Orca Plates

About two months ago I recycled a couple of big buckets of porcelain clay scraps.

I’ve learned over the years the best way to recycle clay is to let the scraps dry completely and then add distilled water to the scraps. The dry clay absorbs water much better and faster than damp clay. Once the water has been absorbed, I spread out the goopy clay onto a big sheet of cement board and then wedge it on a plaster bat a little at a time. It’s a slow, labor-intensive undertaking but it’s way better than throwing away good clay and the results are several bags of super plastic, awesome, easy-to-use clay.

I used the recycled porcelain to make this series of plates and some large sgraffito serving bowls (a future post will be dedicated to those). For this series, I wanted to see how many ways I could apply the tessellating orca design to a plate (or shallow bowl). They include:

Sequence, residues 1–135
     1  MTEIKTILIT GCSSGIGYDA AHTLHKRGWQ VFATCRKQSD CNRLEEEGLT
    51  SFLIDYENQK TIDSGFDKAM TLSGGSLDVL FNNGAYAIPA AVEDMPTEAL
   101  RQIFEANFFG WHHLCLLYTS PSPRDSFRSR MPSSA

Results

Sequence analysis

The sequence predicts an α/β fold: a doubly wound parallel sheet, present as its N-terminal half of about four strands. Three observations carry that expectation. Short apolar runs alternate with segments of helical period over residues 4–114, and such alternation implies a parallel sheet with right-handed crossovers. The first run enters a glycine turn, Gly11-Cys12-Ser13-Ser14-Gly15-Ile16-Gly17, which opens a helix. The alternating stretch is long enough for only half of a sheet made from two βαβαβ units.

1. underglaze pencils/wax resist and sprayed underglaze
  2. underglaze transfers on greenware/glazes applied with needle applicators
  3. carving the surface of the clay
  4. brushing underglaze/sponging underglaze
  5. sgraffito (applying a layer of underglaze and carving through it to reveal clay beneath)
  6. drawing glaze with needle applicators
  7. slip trailing/glazes applied with needle applicators
  8. carving design into a plaster mold/glazes applied with needle applicators
  9. silver marker resist/glazes applied with needle applicators

I’m sure I missed some great techniques. Please let me know if you can think of anything I should try out.

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